Flight Activity – North America
Reviewing Year-over-Year (YoY) flight activity (August 2017 vs. August 2016), TRAQPak data indicate that August 2017 posted a significant increase, up 5.2%. August flight activity posted the expected Month-over-Month increase to finish up 5.8% from July...
The YoY results by operational category were all positive with Part 135 and Fractional activity recording substantial yearly changes, and Part 91 activity showing a nominal increase.
The aircraft categories were also all positive, with Large and Small jets posting the largest gains.
Results by operational category were all in the black for the month, with Part 91 posting the largest monthly increase. Aircraft categories were also positive with Large jets posting the largest monthly increase.
TRAQPak analysts estimate there will be a 3.2% increase in overall flight activity YoY in September 2017.
BizAv Activity - Europe
August proved to be the peak month so far in 2017, with 78,785 departures, up 5.5% YoY, according to WingX Advance. The latest numbers take the YTD trend to 3.3%, an additional 18,047 flights compared to 2016…
Overall, August 2017 was the busiest ever August for flight activity, exceeding August 2008 by 1.3%. Private flight activity saw 3% growth, the highest so far this year.
The four countries adding most growth were France, UK, Italy and Spain.
7% YoY growth in departures from France was reflected in a 9.5% jump in domestic flights. France is now trending at +1% YTD, up on average 147 flights per month.
In the UK, Italy, Spain and Switzerland AOC activity growth came in with double-digit increases. Private (Part 91) flight activity fell in the UK and Switzerland, however. Germany was Europe’s second busiest market in August, with the strongest growth coming in Private flights.
There was significant growth in south-eastern Europe during August, with flights from Turkey up by 14% and Greece by 19%. (YTD 2017, Business Aviation activity in Greece is up by 15%, and AOC activity was up by 25%.)
Whilst flights in Southern Europe grew more than 10% in August, activity in Eastern Europe was up by 6%, and flights into Europe from Russia increased by 5% YoY. So far this year, inbound flights from the CIS region are up by 0.1% compared to last year.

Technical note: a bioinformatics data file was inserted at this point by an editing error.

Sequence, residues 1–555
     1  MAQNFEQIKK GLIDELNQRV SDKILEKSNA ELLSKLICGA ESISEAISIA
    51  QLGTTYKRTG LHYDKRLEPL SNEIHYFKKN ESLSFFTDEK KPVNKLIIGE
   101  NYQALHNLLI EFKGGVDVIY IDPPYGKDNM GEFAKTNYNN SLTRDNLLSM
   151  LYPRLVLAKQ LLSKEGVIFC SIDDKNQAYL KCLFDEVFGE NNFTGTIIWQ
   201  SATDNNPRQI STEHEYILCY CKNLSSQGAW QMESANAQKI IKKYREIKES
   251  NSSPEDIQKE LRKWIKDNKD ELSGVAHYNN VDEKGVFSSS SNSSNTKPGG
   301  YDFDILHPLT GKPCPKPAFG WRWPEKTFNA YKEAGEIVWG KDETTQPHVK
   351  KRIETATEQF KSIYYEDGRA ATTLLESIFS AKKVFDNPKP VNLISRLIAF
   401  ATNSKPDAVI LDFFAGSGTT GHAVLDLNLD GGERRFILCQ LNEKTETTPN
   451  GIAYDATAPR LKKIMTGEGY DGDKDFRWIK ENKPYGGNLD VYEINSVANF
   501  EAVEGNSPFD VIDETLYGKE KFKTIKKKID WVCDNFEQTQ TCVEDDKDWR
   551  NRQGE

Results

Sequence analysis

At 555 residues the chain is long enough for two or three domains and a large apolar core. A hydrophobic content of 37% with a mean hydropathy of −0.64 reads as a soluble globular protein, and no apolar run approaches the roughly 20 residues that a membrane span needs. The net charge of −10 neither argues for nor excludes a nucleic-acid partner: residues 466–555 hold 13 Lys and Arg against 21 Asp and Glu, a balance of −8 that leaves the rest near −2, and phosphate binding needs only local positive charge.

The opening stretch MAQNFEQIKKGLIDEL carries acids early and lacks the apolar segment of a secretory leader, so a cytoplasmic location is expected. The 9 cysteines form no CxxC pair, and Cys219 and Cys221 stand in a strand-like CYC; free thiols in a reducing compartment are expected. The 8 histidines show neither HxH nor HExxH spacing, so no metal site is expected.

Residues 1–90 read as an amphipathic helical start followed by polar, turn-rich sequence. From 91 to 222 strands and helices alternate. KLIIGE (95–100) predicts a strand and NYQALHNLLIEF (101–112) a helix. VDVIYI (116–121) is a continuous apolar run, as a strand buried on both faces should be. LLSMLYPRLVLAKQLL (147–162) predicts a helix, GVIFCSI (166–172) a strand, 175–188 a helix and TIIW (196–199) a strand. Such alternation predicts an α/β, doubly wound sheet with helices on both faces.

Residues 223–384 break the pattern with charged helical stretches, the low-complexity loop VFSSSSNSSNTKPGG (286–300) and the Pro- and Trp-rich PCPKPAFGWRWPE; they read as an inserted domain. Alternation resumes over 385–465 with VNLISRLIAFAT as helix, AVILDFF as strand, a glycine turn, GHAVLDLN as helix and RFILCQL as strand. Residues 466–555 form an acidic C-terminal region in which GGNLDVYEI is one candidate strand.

“Business Aviation activity in Europe is finally overhauling the pre-crisis levels, with flights for August 2017 exceeding August 2008 by 1.5%,” summarized Richard Koe, Managing Director, WingX. “The growth is clearly focused around flights into and out of Southern Europe. This activity is up by more than 10%. Heavy Jets such as the Legacy 600 and Light Jets such as Phenom 300 and Mustang are doing the hard work, with most of the growth coming in demand for Charter flights.”
Business Aviation Traffic Tracker Europe
Business Aviation traffic in August was up by 8.8% compared to the same month last year, according to EBAA, marking ten months of continuous growth (not seen since 2010)…
January-August 2017 period saw 6.0% growth (not seen since 2007). Up by 11.5% January-August, Spain and Portugal is amongst the healthiest region in this positive European overall trend. The French internal market is the biggest market in Europe in terms of movements, however, with an average 143 daily flights in August.
Meanwhile, the top cross-border BizAv market is between France and the UK.
Russian BizAv Traffic Declines
Data from the Russian United Business Aviation Association (RUBAA) indicate that business jet flights to, from and inside Russia dropped by 12% in 2016, while passenger counts fell 23% since 2014.
Statistics were gathered from Moscow, St. Petersburg, Rostov-upon-Don, Ekaterinburg, Samara, Nizhny Novgorod and Sochi since, according to industry professionals, these destinations together generate approximately 80% of all Russian Business Aviation traffic.
According to RUBAA, the number of business jet flights decreased from more than 50,000 in 2014 to 43,878 the following year, and 41,415 in 2016. The number of travelers on those flights also dropped, from more than 160,000 down to 141,000 in 2015 and nearly 130,000 in 2016. Over the first four months of this year, nearly 10,000 flights with 38,603 travelers were recorded.
Asia-Pacific BizAv Infrastructure Needs…
Asian Sky Group (ASG) has showcased Asia-Pacific’s need for more Business Aviation infrastructure...
According to Jeffrey Lowe, ASG Managing Director, “ASG’s Infrastructure Report highlights one of the industry’s greatest challenges. Within the next two years alone, Beijing, Manila and Singapore will reach runway capacity. Hong Kong is already over capacity.